Posted June 4, 2018
Ah, the things we do for love. We keep secrets. Maybe tell a fib or two. And perhaps we try to protect the object of our affection from hurting over something that can’t be undone.
Love, honor, and the subtleties of deception combine to form the delectable story of Oscar Wilde’s “Lady Windermere’s Fan,” sumptuously staged by the Irish Classical Theatre Company.
Director Josephine Hogan had the dream team cast for this one.
The story begins as we meet Lady Windermere, elegantly played by Arianne Davidow. . She has two visitors in the afternoon of her “coming of age” birthday. First is Lord Darlington who Lady Windermere playfully chides for lavishing too much attention on her. “Compliments,” sighs Lord Darlington, “is the only thing we can pay,” he laments. Still he admires so much about her, she is a good woman, in a world where there are so many bad ones. Lady Windermere, true to her Puritan values, wants nothing to do with such talk, or his veiled attempts at seduction. “I will have no one in my house about whom there is any scandal,” she declares. So when her next guest arrives – The Duchess of Berwick with her daughter Lady Agatha – Lady W can barely tolerate the thought that her dear husband is involved with a woman with a questionable past. And he’s giving her money! Whatever for?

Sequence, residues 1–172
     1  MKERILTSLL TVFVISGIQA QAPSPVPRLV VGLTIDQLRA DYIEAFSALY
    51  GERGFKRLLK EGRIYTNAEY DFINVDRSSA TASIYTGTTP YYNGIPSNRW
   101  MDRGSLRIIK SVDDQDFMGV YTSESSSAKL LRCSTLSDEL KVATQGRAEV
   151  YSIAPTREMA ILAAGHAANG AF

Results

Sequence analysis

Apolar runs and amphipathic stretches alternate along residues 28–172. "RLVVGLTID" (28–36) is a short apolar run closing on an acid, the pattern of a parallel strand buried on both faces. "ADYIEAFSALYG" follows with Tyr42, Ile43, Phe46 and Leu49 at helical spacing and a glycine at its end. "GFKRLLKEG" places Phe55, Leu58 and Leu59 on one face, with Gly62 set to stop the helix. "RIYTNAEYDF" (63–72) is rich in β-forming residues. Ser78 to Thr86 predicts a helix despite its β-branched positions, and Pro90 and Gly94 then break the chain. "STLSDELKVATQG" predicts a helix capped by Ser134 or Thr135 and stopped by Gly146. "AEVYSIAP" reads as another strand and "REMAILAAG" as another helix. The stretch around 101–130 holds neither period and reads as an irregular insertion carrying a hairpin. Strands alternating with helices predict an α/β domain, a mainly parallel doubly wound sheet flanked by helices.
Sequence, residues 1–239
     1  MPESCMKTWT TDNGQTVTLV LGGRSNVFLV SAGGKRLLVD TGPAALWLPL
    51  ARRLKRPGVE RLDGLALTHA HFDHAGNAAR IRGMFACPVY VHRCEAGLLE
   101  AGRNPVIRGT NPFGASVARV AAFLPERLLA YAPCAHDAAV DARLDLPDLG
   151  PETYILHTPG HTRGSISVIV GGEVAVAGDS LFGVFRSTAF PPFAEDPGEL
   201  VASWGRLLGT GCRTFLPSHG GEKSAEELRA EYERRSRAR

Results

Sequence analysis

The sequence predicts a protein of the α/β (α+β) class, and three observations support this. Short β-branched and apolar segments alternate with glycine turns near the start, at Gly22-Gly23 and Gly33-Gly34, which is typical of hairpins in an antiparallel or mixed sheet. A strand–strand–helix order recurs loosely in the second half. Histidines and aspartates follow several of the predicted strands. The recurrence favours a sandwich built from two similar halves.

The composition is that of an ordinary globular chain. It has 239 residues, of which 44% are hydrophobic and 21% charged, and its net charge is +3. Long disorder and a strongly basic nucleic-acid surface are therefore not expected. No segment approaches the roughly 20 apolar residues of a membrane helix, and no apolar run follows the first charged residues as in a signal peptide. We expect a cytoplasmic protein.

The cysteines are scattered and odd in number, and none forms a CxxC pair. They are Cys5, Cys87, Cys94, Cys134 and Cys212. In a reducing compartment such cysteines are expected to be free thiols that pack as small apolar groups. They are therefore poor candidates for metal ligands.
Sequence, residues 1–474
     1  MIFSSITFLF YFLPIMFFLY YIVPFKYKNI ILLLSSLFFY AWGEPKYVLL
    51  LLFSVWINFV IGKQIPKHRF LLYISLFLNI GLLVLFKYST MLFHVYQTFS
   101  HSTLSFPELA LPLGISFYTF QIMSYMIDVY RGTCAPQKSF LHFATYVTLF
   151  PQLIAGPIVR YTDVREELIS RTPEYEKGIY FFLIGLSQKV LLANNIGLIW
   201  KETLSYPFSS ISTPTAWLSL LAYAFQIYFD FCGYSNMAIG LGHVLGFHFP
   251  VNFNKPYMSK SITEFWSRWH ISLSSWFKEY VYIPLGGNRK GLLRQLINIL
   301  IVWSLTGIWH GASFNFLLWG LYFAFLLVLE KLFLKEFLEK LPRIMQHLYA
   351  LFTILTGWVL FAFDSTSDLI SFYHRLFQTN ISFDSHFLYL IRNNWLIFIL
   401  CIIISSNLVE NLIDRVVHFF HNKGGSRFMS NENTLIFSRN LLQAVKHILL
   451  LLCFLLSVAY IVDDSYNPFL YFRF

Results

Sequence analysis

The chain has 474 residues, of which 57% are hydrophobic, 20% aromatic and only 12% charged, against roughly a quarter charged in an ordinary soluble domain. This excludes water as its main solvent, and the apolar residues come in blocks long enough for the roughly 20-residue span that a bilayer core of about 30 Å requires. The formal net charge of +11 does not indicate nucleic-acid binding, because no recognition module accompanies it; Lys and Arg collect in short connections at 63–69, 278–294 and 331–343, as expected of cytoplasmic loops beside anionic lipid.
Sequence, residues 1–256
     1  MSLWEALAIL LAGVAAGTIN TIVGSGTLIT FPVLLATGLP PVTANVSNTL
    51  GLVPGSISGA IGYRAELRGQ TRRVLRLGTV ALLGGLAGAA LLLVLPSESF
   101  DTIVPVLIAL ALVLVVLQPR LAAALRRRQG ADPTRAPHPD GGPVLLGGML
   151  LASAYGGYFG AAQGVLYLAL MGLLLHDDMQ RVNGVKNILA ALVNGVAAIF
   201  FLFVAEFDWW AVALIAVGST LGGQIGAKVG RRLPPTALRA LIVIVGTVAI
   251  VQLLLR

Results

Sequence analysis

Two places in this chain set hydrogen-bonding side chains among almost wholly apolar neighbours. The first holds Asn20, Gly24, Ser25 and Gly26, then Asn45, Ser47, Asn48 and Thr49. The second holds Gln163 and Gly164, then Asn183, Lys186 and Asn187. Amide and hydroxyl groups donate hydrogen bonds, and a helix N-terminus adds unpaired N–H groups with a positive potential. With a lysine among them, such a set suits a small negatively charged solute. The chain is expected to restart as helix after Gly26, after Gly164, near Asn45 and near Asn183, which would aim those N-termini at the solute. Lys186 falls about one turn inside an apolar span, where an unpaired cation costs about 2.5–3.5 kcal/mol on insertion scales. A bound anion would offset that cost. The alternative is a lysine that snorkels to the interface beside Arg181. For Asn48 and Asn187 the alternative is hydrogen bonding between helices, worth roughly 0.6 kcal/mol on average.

She confronts her husband, who implores her to invite the mysterious Mrs. Erlynne to the evening’s birthday party. Lady W. will have none of it, so Lord W. invites this wayward guest himself. There’s a gasp when Mrs. Erlynne sweeps into the room, all clad in the brightest of red gowns, with the tallest hair ornament of them all, against a sea of more modestly-hued frocks. She beguiles the men. And shocks the women.
What unfolds is the classic parlor comedy with a morality theme, sparked by plenty of discussion about right and wrong, marriage and human nature, good and bad. If you’re not charming, you’re tedious, and if you’re too good, you’re taken too seriously. The witty banter, the raised eyebrows, the shocking revelations are Wilde at his finest. So is the fluttering of Lady Windermere’s fan, with its pure white feathers, sparkling jewels, inscription just for the Lady. The fan – a gift, a metaphor, a symbol – has the most provocative silent role of all.
Director Josephine Hogan had the dream team cast for this one. Davidow, in demure pink and white with flowers in her hair, is the perfect young bride to Matt Witten’s stalwart but loving Lord Windermere. Ben Michael Moran is a charmer as the smitten Lord Darlington, and delivers the classic line – “We are all in the gutter, but some of us are looking at the stars” with a sweet longing for the love he can’t share with Lady W. Kate LoConti is outstanding as the mysterious Mrs. Erlynne. She’s brazen, confident, and determined…and sentimental, caring, and devoted to what’s acceptable to the high-brow British uppercrust. LoConti’s expressions, her gestures, are slight, and convey every emotion and meaning. David Lundy is a trip as Parker the butler. His entr’acte stage-lights-at-half ballet sequence is Artie-worthy. Christian Brandjes as the bumbling Lord Augustus Lorton and Chris Kelly as the sardonic Cecil Graham are great foils. Jon May’s Mr. Dumby delivers the prophetic punch at the party with “In this world there are only two tragedies. One is not getting what one wants, and the other is getting it.” Wilde’s wisest words.
Running Time: 2 Hours, with a 10-minute intermission.